A team of Canadian and American scientists is exploring two remote B.C. lakes, employing deepwater submersibles to study the living processes behind certain ancient rock structures. They hope these might shed light on the earliest forms of microbe-based life, both here on Earth and in outer space.

Sponsored by both NASA and the Canadian Space Agency, the now seven-year-old Pavilion Lake Research Project expanded from its eponymous origins in July to nearby Kelly Lake, by the town of Clinton, B.C.

The researchers are examining the origins of a specific and very ancient sedimentary formation formed by algae and a certain type of bacteria, in the process fine-turning exploratory techniques and clues that they feel might be useful on future space missions.

"There are these rocks in the lake called microbialites that are built in some way by the bacteria living on the surface of the rock structure," explains principal investigator Darlene Lim, a limnologist, or lake scientist, at NASA's Ames Research Centre in California.

The microbialites of Pavilion Lake

Microbialites are carbonate rock structures that are believed to have been formed with the help of primitive micro-organisms such as bacteria. While they were common 2.5 billion to 540 million years ago, they are rarely found today in freshwater lakes, which made their discovery in Pavilion Lake in the 1990s of great interest to scientists.

The Pavilion Lake microbialites are believed to be no more than about 10,000 years old. Scientists also believe that if life is found beyond Earth, it will likely be microbial and therefore the study of microbialite formations here could help identify signs of life elsewhere in the universe.

In fact, a Martian meteorite discovered in Antarctica in 1984 was recently confirmed to contain crystals that look similar to some created by bacteria on Earth.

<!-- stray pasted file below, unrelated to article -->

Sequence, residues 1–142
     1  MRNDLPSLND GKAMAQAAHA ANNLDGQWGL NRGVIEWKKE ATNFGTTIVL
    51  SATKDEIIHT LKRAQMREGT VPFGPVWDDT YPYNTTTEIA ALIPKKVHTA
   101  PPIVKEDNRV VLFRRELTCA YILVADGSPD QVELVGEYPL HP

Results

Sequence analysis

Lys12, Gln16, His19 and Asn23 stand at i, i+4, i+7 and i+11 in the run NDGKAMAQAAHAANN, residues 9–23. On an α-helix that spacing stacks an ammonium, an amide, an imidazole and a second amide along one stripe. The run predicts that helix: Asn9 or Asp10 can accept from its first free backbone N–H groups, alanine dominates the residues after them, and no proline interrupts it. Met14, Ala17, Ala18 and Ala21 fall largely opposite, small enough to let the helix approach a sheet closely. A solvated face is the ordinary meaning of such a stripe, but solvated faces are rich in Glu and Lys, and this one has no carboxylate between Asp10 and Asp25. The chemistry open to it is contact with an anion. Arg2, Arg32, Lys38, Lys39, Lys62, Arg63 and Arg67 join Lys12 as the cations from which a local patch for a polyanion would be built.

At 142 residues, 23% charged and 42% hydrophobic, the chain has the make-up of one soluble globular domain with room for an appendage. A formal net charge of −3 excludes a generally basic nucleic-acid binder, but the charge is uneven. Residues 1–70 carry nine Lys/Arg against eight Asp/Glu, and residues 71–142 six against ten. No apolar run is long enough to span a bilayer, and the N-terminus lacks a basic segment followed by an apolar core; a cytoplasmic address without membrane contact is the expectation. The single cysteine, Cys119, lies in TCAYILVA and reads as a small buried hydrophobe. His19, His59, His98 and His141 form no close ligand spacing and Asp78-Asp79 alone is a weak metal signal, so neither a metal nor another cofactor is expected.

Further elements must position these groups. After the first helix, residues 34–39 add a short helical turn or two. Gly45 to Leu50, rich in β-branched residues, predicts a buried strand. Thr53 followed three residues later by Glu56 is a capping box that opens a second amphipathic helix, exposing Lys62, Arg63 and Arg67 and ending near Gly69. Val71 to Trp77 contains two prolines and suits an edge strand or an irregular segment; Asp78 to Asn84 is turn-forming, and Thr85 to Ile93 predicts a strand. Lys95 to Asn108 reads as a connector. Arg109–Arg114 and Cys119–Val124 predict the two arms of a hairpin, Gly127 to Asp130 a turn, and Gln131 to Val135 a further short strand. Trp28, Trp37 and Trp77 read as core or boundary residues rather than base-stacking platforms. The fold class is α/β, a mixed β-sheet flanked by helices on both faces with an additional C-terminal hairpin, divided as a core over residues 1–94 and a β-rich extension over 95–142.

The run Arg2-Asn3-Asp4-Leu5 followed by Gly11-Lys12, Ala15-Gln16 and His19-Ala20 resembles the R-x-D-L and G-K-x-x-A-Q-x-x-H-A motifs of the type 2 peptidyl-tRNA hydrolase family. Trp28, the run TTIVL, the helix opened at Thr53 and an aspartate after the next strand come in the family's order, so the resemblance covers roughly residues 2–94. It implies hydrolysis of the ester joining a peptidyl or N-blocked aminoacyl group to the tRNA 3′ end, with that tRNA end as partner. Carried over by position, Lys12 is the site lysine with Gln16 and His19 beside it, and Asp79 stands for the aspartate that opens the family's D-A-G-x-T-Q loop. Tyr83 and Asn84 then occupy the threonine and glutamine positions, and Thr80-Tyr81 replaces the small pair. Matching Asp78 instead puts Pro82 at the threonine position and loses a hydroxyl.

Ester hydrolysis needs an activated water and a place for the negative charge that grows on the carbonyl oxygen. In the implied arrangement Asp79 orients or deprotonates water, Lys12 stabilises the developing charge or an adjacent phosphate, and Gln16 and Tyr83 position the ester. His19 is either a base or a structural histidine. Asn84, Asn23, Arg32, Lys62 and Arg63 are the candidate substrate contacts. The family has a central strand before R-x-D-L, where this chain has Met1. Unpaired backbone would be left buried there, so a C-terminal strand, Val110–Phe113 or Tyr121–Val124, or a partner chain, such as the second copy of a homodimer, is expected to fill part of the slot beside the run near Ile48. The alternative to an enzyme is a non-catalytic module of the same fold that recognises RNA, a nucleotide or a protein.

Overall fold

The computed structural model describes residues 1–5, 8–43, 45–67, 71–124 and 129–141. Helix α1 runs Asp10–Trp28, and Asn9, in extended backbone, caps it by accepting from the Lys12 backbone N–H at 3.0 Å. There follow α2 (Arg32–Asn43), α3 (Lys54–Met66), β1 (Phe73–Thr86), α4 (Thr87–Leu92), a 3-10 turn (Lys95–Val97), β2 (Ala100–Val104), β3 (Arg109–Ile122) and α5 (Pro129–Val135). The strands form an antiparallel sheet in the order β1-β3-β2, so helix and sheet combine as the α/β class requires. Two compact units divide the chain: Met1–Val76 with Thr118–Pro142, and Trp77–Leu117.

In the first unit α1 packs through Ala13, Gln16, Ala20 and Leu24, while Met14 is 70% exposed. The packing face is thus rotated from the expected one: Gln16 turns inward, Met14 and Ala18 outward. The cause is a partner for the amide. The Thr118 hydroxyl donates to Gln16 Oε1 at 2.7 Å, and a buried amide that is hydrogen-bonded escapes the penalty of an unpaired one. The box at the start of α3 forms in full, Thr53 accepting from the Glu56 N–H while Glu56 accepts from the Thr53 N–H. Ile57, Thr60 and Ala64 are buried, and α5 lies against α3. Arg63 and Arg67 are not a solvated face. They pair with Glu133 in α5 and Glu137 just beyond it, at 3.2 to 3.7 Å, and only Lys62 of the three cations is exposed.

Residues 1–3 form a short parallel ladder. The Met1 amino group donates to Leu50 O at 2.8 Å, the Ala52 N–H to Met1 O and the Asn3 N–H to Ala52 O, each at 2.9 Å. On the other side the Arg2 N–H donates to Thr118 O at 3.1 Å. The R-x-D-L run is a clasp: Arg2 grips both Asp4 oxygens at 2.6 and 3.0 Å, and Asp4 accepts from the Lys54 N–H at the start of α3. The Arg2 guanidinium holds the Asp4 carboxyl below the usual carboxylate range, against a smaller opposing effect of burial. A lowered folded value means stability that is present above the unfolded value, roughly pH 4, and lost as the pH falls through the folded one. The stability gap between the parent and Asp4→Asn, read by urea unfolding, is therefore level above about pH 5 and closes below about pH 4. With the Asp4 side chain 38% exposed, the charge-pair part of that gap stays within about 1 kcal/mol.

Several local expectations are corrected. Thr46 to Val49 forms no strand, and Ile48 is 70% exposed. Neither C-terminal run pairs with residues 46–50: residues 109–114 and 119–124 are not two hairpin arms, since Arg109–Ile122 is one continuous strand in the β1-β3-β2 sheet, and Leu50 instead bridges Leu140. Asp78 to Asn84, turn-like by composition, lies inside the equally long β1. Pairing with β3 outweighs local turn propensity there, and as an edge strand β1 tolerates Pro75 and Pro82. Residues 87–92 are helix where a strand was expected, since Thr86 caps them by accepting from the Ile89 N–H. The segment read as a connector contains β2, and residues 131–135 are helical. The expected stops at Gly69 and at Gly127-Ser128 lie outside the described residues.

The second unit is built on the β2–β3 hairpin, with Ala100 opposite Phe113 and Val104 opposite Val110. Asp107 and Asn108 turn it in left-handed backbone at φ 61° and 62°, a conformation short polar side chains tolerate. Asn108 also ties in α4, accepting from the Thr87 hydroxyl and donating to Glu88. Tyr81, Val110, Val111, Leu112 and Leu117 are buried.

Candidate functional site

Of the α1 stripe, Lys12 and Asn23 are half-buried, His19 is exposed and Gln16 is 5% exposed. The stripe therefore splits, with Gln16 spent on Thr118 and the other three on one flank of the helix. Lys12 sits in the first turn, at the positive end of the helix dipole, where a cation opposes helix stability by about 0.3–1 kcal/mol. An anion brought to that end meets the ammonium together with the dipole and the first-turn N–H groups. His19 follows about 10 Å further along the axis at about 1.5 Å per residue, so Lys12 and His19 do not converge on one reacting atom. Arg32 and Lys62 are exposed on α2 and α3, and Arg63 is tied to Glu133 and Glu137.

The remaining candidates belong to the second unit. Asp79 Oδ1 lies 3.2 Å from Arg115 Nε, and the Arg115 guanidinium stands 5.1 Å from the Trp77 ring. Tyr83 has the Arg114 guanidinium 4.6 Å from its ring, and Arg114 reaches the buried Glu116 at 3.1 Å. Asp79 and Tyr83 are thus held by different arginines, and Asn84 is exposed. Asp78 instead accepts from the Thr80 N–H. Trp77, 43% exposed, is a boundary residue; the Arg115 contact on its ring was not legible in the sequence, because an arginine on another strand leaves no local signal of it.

"What we're trying to figure out is what the role of these microbes is in building up these rocks, both in a present-day sense and in a past sense."

From about 2.5 billion years ago until about 500 million years ago, microbialites were very common, and they remain among the earliest remnants of life on the planet.

As it happens, Pavilion Lake and Kelly Lake have an unusual amount and diversity of microbialites, in shapes ranging from artichoke-like to columns.

By diving down to study the structures, whether in scuba gear or in a one-person submersible, researchers are hoping to uncover the chemical signatures that might be left by these microorganisms and to compare them with what they might find someday on distant asteroids and planets.

To this end, the microbial ecologists and geochemists from the Pavilion Lake project have been working alongside astronauts, including NASA's Mike Gernhardt and Canada's Chris Hadfield, to study the unique ecosystems.

Surprising discoveries

For her part, Lim is a veteran of what NASA refers to as its space exploration "analogs," having spent time as well in a Mars simulation base in Canada's High Arctic, among other sites.

The Pavilion Lake Research Project, though, is somewhat unique among these simulation programs in that it combines the study of exploratory technique with the collection of real data that a veritable village of researchers depends upon.